I love electricity. Without it, we wouldn’t have Electric Avenue, The Electric Company, the Electric Slide, or Electric Light Orchestra. But as awesome as electricity is, it also causes approximately 53,600 home fires every year.
That statistic comes from the Electrical Safety Foundation (ESFi), sponsor of Electrical Safety Month and author of some great educational materials about the electrical hazards in your home. As an owner of a home built in 1947, their PDF, Know the Dangers in Your Older Home, caught my eye. Since the U.S. Census bureau says that half of all homes in this country were built before 1973, others may be interested in this information as well.
Why is electrical safety important in older homes? Think of all of the things you plug in today that weren’t around when your house was built: garage door openers, electric coffee makers, TVs, DVRs and computers, to name a few.
Here’s a short checklist from ESFi to help you identify potential problems in your home:
- Are they the right wattage for the fixtures? A bulb that has more wattage than recommended can overheat.
Cords and Extension Cords
- Check the cords for lamps and appliances. Are they out of walkways? Are they frayed, damaged or cracked? Cords that are walked on or damaged can cause fires.
- Are extension cords only used temporarily? Permanent house wiring is much safer than an extension cord. Install outlets where they are needed.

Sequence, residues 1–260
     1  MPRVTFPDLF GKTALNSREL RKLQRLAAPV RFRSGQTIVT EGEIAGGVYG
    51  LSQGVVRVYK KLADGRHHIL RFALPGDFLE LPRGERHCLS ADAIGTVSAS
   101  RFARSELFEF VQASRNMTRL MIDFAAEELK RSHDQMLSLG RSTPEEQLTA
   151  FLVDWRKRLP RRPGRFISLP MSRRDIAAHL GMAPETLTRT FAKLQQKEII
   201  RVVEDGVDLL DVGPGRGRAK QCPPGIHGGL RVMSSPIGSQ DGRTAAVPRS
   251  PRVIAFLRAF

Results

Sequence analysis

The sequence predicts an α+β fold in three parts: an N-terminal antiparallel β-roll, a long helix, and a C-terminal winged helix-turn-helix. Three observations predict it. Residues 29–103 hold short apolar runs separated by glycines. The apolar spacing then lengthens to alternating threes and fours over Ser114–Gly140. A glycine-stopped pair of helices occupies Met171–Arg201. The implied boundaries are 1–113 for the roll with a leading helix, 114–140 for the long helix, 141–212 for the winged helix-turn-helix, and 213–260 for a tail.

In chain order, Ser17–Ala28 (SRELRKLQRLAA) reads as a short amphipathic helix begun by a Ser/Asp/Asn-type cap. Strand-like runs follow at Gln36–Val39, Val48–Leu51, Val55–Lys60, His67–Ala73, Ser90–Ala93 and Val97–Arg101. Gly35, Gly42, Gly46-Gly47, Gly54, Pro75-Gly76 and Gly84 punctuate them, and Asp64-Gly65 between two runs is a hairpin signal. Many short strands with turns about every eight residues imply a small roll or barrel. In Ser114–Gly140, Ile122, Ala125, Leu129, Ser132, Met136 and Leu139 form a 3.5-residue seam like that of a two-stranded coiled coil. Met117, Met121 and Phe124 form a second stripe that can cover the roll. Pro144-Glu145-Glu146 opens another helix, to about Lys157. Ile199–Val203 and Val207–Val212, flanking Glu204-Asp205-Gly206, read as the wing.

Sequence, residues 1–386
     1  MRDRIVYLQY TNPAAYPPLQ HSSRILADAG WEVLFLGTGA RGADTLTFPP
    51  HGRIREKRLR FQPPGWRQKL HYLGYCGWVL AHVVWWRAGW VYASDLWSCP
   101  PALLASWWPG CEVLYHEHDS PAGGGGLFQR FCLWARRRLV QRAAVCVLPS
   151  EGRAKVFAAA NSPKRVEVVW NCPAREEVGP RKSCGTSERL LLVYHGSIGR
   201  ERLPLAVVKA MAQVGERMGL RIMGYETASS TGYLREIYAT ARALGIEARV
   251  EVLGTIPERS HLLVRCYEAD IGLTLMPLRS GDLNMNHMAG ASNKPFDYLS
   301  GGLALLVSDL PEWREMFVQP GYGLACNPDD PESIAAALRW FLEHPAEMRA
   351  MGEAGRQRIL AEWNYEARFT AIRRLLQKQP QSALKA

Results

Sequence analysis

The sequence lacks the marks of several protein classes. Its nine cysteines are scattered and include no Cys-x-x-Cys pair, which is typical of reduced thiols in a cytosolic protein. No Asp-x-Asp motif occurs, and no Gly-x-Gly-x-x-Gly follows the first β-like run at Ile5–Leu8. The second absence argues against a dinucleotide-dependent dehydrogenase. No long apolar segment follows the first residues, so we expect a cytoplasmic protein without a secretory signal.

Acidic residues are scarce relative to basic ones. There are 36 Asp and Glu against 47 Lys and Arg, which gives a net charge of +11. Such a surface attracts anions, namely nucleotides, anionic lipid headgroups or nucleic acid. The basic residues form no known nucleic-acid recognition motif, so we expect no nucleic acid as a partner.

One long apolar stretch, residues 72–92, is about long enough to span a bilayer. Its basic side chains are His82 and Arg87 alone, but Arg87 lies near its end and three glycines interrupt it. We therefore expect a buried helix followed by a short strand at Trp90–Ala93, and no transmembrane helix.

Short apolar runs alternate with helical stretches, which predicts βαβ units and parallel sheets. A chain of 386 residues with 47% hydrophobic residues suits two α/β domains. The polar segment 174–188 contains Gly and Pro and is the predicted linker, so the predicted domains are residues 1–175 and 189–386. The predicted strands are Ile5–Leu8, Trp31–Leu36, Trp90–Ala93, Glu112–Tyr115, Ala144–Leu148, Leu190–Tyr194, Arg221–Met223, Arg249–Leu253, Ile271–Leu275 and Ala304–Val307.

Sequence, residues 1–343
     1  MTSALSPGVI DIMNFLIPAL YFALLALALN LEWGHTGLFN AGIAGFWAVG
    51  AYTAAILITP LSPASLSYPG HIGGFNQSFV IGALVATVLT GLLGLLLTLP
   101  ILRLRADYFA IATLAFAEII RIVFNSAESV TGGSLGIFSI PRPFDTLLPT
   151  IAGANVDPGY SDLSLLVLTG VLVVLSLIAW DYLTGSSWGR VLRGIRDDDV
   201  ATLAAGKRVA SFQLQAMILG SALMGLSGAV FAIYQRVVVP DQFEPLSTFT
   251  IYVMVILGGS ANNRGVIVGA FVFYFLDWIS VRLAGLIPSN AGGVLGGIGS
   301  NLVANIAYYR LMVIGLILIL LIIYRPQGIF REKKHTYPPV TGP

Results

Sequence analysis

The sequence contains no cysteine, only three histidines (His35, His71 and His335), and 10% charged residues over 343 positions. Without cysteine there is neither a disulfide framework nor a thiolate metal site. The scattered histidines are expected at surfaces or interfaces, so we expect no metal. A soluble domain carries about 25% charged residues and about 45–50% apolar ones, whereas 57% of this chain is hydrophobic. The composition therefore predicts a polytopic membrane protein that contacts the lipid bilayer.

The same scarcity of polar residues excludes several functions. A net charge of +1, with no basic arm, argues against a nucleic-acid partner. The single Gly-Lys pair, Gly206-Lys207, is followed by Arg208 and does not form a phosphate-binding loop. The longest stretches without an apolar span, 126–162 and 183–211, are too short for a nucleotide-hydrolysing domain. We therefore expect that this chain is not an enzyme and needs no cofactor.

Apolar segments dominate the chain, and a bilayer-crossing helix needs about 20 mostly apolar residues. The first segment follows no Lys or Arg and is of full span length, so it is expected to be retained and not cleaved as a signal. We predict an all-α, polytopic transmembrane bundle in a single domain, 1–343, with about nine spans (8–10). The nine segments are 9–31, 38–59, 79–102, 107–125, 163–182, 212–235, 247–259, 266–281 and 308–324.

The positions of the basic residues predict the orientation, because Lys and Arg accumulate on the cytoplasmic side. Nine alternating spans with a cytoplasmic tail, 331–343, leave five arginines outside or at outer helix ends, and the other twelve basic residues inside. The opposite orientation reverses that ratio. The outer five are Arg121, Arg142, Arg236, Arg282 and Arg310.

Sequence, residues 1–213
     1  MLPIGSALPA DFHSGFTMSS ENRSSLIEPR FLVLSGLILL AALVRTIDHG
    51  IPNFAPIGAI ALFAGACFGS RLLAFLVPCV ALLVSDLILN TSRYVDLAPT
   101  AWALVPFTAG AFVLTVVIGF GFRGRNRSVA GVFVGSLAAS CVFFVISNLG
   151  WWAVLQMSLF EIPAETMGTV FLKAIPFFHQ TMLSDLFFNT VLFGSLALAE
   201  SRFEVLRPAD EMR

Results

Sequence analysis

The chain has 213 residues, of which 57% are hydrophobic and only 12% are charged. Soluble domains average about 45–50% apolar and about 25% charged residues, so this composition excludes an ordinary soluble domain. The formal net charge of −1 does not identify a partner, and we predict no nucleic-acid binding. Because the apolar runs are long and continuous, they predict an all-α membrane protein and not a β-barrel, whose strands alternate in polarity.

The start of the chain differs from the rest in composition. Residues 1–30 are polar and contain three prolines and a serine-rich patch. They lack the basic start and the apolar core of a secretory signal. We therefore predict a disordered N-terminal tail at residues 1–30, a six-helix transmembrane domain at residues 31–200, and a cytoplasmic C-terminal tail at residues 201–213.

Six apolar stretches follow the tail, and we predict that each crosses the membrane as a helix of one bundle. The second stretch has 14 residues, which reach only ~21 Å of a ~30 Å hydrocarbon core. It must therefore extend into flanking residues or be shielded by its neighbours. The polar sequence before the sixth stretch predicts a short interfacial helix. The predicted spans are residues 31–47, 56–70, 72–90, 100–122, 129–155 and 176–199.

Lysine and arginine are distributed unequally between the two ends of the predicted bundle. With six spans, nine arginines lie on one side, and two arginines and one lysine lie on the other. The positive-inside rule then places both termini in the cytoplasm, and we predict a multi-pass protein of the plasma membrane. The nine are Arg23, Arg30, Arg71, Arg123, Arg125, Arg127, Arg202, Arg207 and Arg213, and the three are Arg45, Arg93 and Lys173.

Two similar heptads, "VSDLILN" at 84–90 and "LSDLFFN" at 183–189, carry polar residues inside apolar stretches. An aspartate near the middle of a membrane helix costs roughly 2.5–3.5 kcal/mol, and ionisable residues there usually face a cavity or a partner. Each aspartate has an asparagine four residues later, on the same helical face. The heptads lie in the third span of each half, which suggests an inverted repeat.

Outlets and Switches
- Do all the outlets and switches in your house work? If they don’t, there may be bad wiring.
- Are any unusually warm or make weird noises? That could be an indicator of faulty wiring.
- Are the cover plates in good condition? Replace any that aren’t.
Kitchen and Bathroom
- Are all appliances plugged into ground fault circuit interrupter (GFCI) outlets? Do your GFCI outlets work properly? If you don’t have properly functioning GFCI outlets, call a licensed electrician.
- Do you keep appliances plugged in when they don’t need to be (like toasters, hair dryers, curling irons, etc.). Unplug them; they could be a fire hazard if they contact water.
- Have you ever received a shock (but not a static electricity shock) from your large appliances? Do not touch appliance again until a repairman checks it.
Please don’t become a statistic! Check your home for electrical safety today.
Information from the Electrical Safety Foundation International website at www.electrical-safety.org